Impact of a phenytoin loading dose program in the emergency department.
Am J Health Syst Pharm. 2014 Nov 1;71(21):1862-9
Authors: Brancaccio A, Giuliano C, McNorton K, Delgado G
PURPOSE: The use of a combined physician-and pharmacist-directed phenytoin loading dose program in an emergency department (ED) was evaluated.
METHODS: This single-center, observational, preimplementation-postimplementation study evaluated adult patients who received a phenytoin loading dose in the ED. The primary outcome compared the proportion of optimal phenytoin loading doses in the preimplementation and postimplementation groups. The postimplementation group was further stratified into pharmacist- and prescriber-dosing groups. Other outcomes evaluated included the numbers of appropriate serum phenytoin concentrations measured, adverse drug reactions (ADRs), and recurrence of seizures within 24 hours of loading dose administration in the preimplementation and postimplementation groups.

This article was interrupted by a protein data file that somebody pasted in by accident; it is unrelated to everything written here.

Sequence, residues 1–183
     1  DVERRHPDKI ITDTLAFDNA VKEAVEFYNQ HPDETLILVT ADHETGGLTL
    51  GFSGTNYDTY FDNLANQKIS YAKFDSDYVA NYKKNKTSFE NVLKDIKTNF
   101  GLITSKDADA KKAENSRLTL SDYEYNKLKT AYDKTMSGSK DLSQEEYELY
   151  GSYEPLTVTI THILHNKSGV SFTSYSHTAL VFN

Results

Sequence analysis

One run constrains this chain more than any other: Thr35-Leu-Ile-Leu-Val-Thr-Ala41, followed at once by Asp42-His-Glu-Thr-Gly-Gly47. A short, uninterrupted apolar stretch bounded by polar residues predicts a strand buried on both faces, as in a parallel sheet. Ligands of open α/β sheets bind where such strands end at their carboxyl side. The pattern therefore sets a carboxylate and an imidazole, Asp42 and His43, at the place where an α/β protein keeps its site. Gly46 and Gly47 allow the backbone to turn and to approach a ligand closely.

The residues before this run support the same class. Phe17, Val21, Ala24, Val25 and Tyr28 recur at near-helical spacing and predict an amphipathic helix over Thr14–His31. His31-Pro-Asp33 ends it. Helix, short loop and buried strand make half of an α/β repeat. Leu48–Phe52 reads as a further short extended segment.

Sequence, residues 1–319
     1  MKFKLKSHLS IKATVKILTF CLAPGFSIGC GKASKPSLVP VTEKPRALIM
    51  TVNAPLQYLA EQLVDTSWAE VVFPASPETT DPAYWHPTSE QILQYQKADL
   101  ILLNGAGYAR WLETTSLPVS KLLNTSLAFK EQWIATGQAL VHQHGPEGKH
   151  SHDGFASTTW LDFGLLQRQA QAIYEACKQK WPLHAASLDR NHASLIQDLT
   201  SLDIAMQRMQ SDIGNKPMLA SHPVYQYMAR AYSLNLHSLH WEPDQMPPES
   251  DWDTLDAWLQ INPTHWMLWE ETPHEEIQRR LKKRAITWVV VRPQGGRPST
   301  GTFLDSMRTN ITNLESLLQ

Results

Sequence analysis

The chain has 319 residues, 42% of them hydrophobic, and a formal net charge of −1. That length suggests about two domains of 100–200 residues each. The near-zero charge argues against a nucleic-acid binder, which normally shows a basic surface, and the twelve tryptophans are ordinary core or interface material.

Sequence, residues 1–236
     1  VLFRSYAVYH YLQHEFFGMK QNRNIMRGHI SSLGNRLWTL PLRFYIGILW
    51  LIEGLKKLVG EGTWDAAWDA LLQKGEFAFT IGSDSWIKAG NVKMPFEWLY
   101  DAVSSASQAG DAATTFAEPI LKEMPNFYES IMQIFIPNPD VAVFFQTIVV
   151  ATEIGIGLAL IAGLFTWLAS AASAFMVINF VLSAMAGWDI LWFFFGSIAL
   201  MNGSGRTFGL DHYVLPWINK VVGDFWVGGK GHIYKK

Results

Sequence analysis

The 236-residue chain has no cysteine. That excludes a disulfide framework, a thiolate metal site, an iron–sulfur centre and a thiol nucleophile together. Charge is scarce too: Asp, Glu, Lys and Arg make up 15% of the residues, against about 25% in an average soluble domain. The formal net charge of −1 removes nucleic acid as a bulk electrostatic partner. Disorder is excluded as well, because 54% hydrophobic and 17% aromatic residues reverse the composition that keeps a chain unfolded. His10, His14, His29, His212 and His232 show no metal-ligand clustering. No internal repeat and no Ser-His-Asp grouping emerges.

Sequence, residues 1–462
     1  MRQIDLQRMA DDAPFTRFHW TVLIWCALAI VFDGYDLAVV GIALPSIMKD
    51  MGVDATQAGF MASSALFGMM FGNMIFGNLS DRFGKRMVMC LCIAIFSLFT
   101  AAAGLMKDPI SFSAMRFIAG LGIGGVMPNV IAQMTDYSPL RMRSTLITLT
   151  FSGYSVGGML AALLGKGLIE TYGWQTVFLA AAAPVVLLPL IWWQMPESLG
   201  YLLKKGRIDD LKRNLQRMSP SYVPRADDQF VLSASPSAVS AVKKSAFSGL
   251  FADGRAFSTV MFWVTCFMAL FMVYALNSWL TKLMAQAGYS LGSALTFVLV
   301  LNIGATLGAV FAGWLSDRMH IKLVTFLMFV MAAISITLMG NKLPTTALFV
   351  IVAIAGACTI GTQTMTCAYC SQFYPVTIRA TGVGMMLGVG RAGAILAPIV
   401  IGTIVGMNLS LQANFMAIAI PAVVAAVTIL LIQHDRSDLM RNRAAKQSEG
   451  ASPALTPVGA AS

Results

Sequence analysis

RESULTS: There was no difference in the proportion of optimal phenytoin loading doses between the preimplementation and postimplementation groups (50% versus 62%, respectively; p = 0.19). When stratified by individual groups, the rate of optimal phenytoin loading doses increased by 64% in the postimplementation pharmacist group (50% versus 82%, p = 0.007), while the rate in the prescriber-dosing group remained relatively unchanged (50% versus 49%, p = 0.91). The number of appropriate serum phenytoin concentrations significantly improved in the postimplementation versus preimplementation group (65% versus 40%, p = 0.025). Rates of ADRs and recurrence of seizures did not differ across the study groups.
CONCLUSION: No change in the percentage of optimal phenytoin loading doses in the ED was observed after implementation of a combined pharmacist- and physician- dosing program. When stratified into pharmacist or prescriber dosing, the pharmacist-led dosing program significantly improved the proportion of patients who received optimal phenytoin loading doses.
PMID: 25320136 [PubMed - in process]